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Review Via Pros and Cons: Brian’s “Shadowlands”

You know my policy: when in doubt, hash it out (via pros vs. cons). Today’s subject of uncertainty is Kate Brian’s Shadowlands, which is the first in a trilogy. As always, we start with the obligatory summary.

Rory Miller had one chance to fight back and she took it. Rory survived and the serial killer who attacked her escaped. Now that the infamous Steven Nell is on the loose, Rory must enter the witness protection program. Entering the program alongside her, is her father and sister Darcy. The trio starts a new life and a new beginning leaving their friends and family behind without a goodbye.

Starting over in a new town with only each other is unimaginable for Rory and Darcy. They were inseparable as children but now they can barely stand each other. As the sisters settle in to Juniper Landing, a picturesque vacation island, it seems like their new home may be just the fresh start they need. They fall in with a group of beautiful, carefree teens and spend their days surfing, partying on the beach, and hiking into endless sunsets. Just as they’re starting to feel safe again, one of their new friends goes missing. Is it a coincidence? Or is the nightmare beginning all over again?
 

I’m very unsure about how I feel about this one, so the only thing to do is to weigh the pros and cons. Here we go!

PRO: I read it in two sittings. That has to say something favorable about the book. Undoubtedly, there were issues with the story, but I found it compelling enough that I plowed through it. I saw several reviews that said they “couldn’t put it down” and, to be honest, I agreed.

CON: I’m afraid that the “must keep reading-ness” of it wasn’t due to it being good, but rather was due to confusion. I was constantly confused by this text. It contains dream sequences that reveal themselves after much ado, and I grew to distrust the heroine’s POV. Additionally, some of her experiences are so wildly unbelievable that I needed an explanation because I was becoming, in a word, peeved with the whole thing.

PRO: I’m still thinking about it. Again, this ins’t a specific complement, like “the characters were compelling” or something, but I looked online for the next installment immediately after finishing this because I feel strongly that I must continue the series.

CON: A LOT of questions were raised during this reading, which is in no way a problem. The problem is that the majority of those questions, which are essential to understanding the plot, are not answered in this novel. Goodreads gave a sneak preview of the next book in the series and I got answers to 90% of the questions raised in book one in the first chapters of book two. Where is the sense in that?!?! I would’ve gotten the next book regardless, so at least give me some resolution in this one.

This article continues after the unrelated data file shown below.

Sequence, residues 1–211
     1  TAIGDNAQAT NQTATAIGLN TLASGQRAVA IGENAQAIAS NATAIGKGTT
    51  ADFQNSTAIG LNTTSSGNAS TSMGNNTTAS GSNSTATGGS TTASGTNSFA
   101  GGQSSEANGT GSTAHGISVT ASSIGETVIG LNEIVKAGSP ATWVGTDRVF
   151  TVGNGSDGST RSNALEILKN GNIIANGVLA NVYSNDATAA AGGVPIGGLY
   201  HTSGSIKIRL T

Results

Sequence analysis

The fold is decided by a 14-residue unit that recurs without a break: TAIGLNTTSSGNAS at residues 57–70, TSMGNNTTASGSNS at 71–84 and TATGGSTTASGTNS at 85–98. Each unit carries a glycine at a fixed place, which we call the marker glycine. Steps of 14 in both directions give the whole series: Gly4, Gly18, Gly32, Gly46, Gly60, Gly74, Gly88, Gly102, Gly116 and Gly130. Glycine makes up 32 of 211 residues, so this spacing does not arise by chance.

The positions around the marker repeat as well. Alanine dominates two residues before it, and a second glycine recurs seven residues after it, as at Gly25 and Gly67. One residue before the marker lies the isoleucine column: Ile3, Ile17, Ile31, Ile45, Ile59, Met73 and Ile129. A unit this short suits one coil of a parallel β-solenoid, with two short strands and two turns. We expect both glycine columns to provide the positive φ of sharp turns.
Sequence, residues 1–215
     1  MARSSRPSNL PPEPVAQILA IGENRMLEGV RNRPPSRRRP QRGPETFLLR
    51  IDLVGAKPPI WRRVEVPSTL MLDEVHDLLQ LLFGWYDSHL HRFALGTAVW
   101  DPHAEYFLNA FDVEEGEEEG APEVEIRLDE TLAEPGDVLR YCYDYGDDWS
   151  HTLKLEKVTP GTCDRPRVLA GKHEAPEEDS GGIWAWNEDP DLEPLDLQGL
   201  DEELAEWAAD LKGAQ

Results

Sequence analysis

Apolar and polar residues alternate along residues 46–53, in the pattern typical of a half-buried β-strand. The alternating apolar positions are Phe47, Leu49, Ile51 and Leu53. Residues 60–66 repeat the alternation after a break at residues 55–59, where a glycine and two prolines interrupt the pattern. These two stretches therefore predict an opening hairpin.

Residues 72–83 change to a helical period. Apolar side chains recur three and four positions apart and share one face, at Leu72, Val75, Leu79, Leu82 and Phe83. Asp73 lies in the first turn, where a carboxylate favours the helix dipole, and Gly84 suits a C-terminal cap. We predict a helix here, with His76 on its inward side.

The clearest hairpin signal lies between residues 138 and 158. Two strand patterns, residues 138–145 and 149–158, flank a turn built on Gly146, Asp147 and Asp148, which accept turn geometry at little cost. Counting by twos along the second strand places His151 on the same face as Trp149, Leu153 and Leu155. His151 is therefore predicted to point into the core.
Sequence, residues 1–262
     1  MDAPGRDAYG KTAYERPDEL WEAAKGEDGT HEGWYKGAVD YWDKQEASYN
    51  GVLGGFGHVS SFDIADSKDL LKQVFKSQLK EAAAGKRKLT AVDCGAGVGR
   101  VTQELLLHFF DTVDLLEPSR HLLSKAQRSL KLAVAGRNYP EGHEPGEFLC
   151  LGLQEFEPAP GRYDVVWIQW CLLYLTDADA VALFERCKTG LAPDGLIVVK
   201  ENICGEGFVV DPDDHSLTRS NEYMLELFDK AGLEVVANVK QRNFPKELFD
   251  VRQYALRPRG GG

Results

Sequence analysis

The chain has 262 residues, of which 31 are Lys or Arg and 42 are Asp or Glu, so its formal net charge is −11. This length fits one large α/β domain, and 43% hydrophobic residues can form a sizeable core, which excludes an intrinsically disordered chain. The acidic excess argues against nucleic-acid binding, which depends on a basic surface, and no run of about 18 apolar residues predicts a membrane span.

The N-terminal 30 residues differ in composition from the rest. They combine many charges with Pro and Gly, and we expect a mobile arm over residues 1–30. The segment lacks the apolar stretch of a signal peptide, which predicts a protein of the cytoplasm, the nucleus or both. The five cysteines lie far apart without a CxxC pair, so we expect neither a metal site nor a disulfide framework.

PRO: I hope to bond with a student over this novel. I had one delightful student who found time to talk to me about how much she loved this book. In fact, I walked by her as she finished reading it on the last day of school and she closed it, let out a sigh of exasperation and relief (which I now understand), physically hugged the book for a moment, and handed it to me so I could read it and add it to my classroom library. If she comes to see me next year, I’ll be ready to geek out with her.

CON: It’s very stereotypically YA. The protagonist is a standard “nerdy” girl with a standard “popular” sister and a standard “disconnected” parent. Although I would think that being hunted by a serial killer would be all-consuming, apparently cute boys still manage to be a huge distraction. As per usual, I’m not thrilled with the depiction of teen relationships, but I rarely am.

CON: I might be too critical of an audience, but the depiction of law enforcement in reaction to a serial killer is insulting. Without including spoilers, I’ll just say that I find it hard to believe that the FBI would be as aloof about the threat to this family as they’re depicted in this novel. After a very invasive and intense threat, the family is sent off without escort, without access to phones, and without a way to contact the FBI should the threat continue. To say the least, law enforcement is not portrayed in a positive light.

CON: Who is this person on the cover?? You’d think it would be the protagonist, Rory, but it is very clearly stated, on multiple occasions, that she has blonde hair, so who is this brunette? Also, what’s with the crows?? And the clouds? None of this is relevant!

CON: On a similar note, what is the title referencing? This term is not used even once in the novel. I got that sneak peek and it is explained (poorly) in the first few chapters of book two in the series, but if it won’t even be mentioned in the first book, why name it that?!?!? WHY???

CON: The POV very occasionally swapped from 3rd person limited omniscient (Rory’s perspective, thoughts, and feelings) to those of the serial killer. Those chapters should have been more thought out or left out entirely. As a character, the killer wasn’t developed enough for us to care about or understand his POV. In fact, it was very specific at times (he wants to eat her hair) which implies a really juicy backstory, but it was painfully clear that his perspective was only present so that we would know his progress in hunting her. He wasn’t developed outside of his obsession over her. It was forced and inorganic.

I’m afraid it’s painfully clear how I felt about this novel, and yet, I’ll be darned if I’m not going out to find the next volume tomorrow. Whether you love a novel or hate it, as long as you want to talk about it, isn’t that the goal?

Did anyone else read it? What does everyone else think? Interested in other Pros Vs. Cons reviews? Check them out here and here.

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